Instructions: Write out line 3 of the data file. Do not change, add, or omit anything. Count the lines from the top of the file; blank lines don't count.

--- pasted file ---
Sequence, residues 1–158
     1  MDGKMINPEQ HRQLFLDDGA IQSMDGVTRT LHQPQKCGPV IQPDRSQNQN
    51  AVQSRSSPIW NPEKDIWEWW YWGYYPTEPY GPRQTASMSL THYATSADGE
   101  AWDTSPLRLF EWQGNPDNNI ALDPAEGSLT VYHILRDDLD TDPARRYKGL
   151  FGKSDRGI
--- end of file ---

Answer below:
    51  AVQSRSSPIW NPEKDIWEWW YWGYYPTEPY GPRQTASMSL THYATSADGE